From time to time we will be highlighting some of these staples of the cinema whom we got to know nearly as well as we know the long time neighbor next door. Yet we don’t remember them until we see them in the next movie playing their next great role.
Murray Hamilton (1924-1986
Everyone knew Murray but no one knew him at all. Say the name Murray Hamilton and you get a blank stare. Say that he played the mayor who doesn’t want to close the beaches in Jaws (1975) or Anne Bancroft’s husband Mr. Robinson in The Graduate (1967) and you get : “Oh him. Sure I know who he is.”
In his career Murray made more than 300 movies, acted in over 1000 TV shows and appeared in 16 Broadway shows. In each he played a prominent featured role. Some other significant films include: Anatomy of a Murder (1959) The Hustler (1961), and Brubaker (1980). He liked to quote one of his favorite directors Stuart Rosenberg (Cool Hand Luke – 1969)who always started every film he directed by saying to the cast and crew that he viewed life as a Department store and that the people who made films were working in the toy department. Murray subscribed to that view of things. He was a genuine Hollywood outsider because in spite of the high number of films he appeared in he never lived in California and was never part of the so called film colony. His best friends were Walter Matthau, Michael Parks, David Soul, Jason Robards, Peter O’Toole and George C. Scott. His favorite director was Steven Spielberg for whom he acted in Jaws (1975) and in 1941 (1979).
Murray studied to be a graphic artist and got into acting by accident. He worked in the play Mister Roberts (1948) and later replaced David Wayne in the role of Ensign Pulver. As an actor Murray said that he always tried to first be “true to the part as it is written”, be “interesting in the role” and “serve the director to the best of my ability”.
He was born in North Carolina and died there 62 years later of cancer. Murray was one of the best of the unheralded character actors and it would be a shame if his contributions to the films in which he appeared were forgotten. He’s not forgotten here. Thank you, Murray, you were wonderful.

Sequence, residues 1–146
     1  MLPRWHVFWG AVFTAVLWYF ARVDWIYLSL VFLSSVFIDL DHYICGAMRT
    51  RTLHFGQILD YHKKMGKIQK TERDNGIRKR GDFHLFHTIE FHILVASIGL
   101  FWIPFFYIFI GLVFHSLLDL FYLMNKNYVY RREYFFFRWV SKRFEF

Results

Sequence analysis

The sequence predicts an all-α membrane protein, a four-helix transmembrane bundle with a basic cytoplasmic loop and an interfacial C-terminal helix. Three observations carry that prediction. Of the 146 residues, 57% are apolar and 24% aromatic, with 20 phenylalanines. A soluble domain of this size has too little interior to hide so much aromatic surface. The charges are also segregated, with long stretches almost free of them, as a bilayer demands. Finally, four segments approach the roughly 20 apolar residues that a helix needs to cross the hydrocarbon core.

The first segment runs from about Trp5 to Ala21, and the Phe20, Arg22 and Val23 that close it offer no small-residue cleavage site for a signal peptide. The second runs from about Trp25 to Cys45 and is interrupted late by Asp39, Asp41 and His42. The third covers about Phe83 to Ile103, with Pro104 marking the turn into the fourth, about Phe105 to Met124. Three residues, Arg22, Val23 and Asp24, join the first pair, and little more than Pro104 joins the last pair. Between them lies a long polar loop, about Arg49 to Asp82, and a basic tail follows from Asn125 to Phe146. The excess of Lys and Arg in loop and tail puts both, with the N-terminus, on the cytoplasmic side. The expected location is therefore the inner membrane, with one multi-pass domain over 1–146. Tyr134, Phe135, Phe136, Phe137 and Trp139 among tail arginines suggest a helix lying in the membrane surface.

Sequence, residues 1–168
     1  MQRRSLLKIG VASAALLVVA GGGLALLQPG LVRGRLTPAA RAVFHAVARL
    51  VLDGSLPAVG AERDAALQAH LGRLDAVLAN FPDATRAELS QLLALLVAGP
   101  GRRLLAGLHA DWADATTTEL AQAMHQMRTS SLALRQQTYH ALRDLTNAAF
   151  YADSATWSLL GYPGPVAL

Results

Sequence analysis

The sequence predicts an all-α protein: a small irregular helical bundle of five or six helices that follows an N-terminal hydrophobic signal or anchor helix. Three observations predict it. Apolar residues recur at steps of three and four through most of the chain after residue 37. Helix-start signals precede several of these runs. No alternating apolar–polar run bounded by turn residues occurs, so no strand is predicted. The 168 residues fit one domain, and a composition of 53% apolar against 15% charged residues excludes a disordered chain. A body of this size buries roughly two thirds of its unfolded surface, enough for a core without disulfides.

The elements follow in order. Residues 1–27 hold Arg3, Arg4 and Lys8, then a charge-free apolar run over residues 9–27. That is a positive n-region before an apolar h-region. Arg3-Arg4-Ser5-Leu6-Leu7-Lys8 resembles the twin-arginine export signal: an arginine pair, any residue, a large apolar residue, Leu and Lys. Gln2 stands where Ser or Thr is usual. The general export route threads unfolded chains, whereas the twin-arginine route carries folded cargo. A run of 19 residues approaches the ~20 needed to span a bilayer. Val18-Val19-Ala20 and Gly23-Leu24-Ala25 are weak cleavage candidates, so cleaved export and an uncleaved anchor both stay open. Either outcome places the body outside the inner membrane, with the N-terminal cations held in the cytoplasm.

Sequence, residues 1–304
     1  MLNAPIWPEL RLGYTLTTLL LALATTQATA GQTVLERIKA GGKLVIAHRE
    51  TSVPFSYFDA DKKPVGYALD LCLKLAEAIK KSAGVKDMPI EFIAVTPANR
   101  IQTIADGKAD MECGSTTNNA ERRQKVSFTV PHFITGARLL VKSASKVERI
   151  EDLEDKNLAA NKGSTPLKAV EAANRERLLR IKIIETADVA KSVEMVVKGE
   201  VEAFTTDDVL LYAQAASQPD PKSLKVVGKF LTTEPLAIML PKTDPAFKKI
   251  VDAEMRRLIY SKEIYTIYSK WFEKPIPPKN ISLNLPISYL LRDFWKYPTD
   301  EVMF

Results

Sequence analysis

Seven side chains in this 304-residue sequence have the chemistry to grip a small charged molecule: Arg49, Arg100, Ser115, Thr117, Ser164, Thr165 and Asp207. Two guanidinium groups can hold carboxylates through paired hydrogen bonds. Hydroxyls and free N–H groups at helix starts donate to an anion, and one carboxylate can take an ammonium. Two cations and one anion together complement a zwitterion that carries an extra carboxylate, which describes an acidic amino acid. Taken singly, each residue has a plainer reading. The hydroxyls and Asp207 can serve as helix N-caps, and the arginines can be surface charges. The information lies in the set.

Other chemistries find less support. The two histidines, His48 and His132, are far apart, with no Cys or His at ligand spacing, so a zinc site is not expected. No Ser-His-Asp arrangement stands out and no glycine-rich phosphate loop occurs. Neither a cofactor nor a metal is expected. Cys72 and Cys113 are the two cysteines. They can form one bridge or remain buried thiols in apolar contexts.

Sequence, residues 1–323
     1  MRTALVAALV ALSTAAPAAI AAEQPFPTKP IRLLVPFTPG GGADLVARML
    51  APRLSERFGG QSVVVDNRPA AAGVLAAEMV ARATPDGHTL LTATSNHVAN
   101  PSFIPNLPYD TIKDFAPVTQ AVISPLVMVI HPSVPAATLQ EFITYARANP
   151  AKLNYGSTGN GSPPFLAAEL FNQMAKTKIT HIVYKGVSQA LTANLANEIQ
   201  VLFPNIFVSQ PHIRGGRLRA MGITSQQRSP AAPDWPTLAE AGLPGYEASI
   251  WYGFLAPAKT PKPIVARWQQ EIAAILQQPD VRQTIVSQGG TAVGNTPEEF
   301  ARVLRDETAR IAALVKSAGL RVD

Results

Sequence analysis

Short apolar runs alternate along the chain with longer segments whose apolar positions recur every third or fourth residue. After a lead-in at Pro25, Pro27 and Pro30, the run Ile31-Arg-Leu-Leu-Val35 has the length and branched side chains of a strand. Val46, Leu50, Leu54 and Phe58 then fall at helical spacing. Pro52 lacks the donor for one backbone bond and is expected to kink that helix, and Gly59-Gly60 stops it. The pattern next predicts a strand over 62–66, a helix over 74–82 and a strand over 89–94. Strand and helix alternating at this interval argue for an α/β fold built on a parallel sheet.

Montgomery Clift (1920-1966)
He was a movie star in the full sense of the phrase. A special presence that graced the screen all too briefly then vanished from the scene never to be seen again.
I’m not talking about the chronological length of his career in films which lasted eighteen years from 1948 to 1966. I’m talking about the period from 1948 to 1953 when he starred in three landmark films Red River (1948), A Place in the Sun (1951) and From Here to Eternity (1953), giving award caliber performances in each. But what distinguishes them even more is his unusual presence. Quiet, unobtrusive, hesitant, and almost apologetic yet at the same time beautiful and poetic.
In the pages of the cinema press of the day his presence was called “troubled” and “sensitive”. Both words seem apt but I think the way his character is described in A Place in the Sun is more accurate. The young woman who loves him says:
“You look unusual. You keep pretty much to yourself, don’t you? … Blue…exclusive. You seem so strange, so deep, so far away, as though you’re holding something back.”
And he was. What that was we’ll never know.
Clift during this period was mysterious, moody, fascinating and magnetic. You couldn’t keep your eyes off him. Then came the auto accident that destroyed his face and apparently destroyed something else as well. His angelic inner persona that shined so brightly through the roles he played. He was to give other good performances, even other award caliber performances but he was never the same. His career and his life after the accident has been called “the longest suicide in Hollywood” and accurately so. But fortunately for us we have those early years and that special presence forever captured on film where he will remain immortal as long as motion pictures exists.
Other films of his early career include:
The Search (1948), The Heiress (1949), The Big Lift (1950) I Confess (1951) and Indiscretion of an American Wife (1953). I highly recommend them all.